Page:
Second Design 02

The Langbehn Database, Again

Let’s look at The Langbehn Database from a data design perspective.

The Langehn Database is represented in a collection of tables defined by TNG (The Next Generation of Genealogy Sitebuilding). The TNG product site is here: The software itself is well supported with an extremely active mailing list.

As part of our data design, I intend to add a link to each TNG-generated page showing our other resources related to that person. The information could also be part of a tooltip popup. The implementation details are outside this data design; I’ve done this sort of thing with TNG before.

What we DO need with this data design, is provision for an SQL query providing that information, given the relevant Dwight reference number.

We also need to design the reverse direction. For a given Dwight reference/classification number, we need to be able to provide a Web link to the page in The Langbehn Database (as displayed by TNG).

Many people have the same name. Our published genealogies contain a LOT of different persons all named John Strong! We therefore need to extract from the Langbehn database distinguishing information such as:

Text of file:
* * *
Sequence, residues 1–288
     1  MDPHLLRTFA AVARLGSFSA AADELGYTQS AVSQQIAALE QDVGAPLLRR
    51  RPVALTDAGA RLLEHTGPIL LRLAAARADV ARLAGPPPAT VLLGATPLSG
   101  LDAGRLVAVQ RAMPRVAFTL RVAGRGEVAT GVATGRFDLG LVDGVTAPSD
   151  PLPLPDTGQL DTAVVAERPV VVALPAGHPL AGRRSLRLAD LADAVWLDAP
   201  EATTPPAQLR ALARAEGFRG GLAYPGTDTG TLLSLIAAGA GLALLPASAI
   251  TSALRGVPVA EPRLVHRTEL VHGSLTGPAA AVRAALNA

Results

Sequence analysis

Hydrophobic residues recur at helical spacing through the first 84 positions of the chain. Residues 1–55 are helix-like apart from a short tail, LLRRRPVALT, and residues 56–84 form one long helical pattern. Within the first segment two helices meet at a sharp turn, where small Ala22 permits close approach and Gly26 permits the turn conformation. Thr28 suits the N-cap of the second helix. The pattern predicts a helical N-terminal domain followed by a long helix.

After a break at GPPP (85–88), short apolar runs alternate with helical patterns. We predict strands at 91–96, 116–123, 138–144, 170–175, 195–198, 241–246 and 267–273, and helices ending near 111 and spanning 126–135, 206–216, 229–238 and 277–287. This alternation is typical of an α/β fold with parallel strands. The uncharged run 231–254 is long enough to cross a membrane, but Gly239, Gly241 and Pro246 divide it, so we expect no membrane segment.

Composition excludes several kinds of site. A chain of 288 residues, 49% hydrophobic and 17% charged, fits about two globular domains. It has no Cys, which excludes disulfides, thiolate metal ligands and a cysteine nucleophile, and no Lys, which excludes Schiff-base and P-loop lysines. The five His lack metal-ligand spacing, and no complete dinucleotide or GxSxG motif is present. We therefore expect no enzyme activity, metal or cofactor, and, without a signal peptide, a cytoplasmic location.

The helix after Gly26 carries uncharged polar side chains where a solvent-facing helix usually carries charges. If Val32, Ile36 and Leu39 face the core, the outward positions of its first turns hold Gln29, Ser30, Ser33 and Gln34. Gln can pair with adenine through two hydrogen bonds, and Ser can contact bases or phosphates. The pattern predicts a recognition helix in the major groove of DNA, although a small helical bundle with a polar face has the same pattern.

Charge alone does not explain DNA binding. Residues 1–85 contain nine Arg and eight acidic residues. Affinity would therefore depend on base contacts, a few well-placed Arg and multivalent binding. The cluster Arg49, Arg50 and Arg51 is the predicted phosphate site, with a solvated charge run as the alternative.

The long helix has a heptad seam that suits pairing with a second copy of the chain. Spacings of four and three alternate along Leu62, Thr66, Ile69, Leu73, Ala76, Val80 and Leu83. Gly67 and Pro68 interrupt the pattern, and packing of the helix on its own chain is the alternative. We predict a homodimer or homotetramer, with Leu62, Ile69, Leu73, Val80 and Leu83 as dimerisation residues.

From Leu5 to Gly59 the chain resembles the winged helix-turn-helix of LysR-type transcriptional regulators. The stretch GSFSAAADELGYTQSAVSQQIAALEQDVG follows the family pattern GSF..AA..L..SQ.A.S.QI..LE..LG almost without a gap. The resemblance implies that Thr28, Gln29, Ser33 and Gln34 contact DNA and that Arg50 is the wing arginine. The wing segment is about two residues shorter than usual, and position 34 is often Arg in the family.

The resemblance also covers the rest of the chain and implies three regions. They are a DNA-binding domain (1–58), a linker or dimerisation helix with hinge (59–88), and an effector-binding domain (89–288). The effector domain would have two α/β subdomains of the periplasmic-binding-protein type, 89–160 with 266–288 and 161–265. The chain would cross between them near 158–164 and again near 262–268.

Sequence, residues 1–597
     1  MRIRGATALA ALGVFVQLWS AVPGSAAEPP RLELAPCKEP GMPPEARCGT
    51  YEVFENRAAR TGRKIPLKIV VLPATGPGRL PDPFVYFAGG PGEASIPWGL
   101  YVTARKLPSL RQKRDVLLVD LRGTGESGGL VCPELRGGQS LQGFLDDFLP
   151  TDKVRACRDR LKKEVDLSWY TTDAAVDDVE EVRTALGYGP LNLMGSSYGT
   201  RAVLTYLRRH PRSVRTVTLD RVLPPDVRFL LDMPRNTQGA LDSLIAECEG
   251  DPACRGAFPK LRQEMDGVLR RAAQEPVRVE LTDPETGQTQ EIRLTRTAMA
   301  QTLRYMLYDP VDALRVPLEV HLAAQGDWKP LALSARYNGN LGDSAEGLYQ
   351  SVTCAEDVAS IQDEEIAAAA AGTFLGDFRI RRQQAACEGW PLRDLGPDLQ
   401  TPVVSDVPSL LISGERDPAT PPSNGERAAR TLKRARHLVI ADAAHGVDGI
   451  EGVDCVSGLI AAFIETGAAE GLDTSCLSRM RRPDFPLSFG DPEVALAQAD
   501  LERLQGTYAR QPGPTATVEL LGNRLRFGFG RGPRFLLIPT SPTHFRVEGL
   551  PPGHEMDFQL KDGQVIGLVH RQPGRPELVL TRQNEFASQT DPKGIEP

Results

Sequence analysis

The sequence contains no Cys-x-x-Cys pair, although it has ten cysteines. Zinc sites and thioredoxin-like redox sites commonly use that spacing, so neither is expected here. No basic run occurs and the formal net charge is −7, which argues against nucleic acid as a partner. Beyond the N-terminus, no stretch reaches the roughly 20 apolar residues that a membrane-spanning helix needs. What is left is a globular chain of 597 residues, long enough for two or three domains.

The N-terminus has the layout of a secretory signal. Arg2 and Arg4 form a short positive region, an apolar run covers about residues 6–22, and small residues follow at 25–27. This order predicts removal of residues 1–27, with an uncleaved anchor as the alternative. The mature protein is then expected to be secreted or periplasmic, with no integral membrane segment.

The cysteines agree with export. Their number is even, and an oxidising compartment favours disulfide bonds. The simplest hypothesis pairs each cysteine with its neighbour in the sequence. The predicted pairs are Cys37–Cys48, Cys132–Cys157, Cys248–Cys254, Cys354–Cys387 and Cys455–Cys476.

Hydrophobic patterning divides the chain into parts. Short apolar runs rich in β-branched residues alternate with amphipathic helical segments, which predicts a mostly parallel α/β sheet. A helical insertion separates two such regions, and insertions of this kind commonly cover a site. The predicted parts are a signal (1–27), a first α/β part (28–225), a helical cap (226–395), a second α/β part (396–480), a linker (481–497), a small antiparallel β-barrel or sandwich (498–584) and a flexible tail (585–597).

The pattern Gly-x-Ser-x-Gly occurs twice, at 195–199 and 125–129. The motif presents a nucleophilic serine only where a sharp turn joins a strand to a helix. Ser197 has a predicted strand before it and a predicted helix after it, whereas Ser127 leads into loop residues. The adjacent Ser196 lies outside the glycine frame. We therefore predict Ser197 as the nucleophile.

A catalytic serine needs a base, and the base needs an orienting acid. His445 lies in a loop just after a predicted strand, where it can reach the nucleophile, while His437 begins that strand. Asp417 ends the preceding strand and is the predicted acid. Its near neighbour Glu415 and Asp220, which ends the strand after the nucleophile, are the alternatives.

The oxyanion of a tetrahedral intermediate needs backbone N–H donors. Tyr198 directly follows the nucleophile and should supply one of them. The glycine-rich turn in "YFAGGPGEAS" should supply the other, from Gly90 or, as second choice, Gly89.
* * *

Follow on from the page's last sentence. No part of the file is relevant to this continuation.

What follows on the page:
• Birth/Marriage/Death dates where known
  • Spouse name(s) where known
  • Descendant line. We need to indirectly derive this; see below
  • The Web link (URL) to this person’s page in the TNG display area

Note that as Langbehn Database updates are received, this information gets replaced and re-imported.

The import process is outside of this data design. This data design needs to provide for storing (and deriving) the above information, and allow for replacement of the information by re-import.

The descendant line means which child of Elder John Strong the person descends from. That’s an important classification from a revenue standpoint, because we sell material according to descendant line.

By scanning Dwight’s History, I can make a list of which number ranges attach to which descendant line. There is an accidental overlap of about a hundred numbers, due to an error on Dwight’s part. We likely don’t have additional information for any persons in that overlapping range, so can arbitrarily assign that range to one of those two lines.

We can therefore construct a table which maps descendant line to number ranges. It’s worthwhile having a separate table of Descendant Line definitions. This can include abbreviations, descriptive text. It should not contain the Dwight ranges because there are multiple ranges per descendant line.

For example, the Sarah line includes #27-#28 (Sarah Strong and husband Joseph Barnard), and #27449-#27542 (their descendants). My own classification number, #27454, fits in that range.

Thus one requirement is: Given a Dwight classification number, determine the Descendant Line.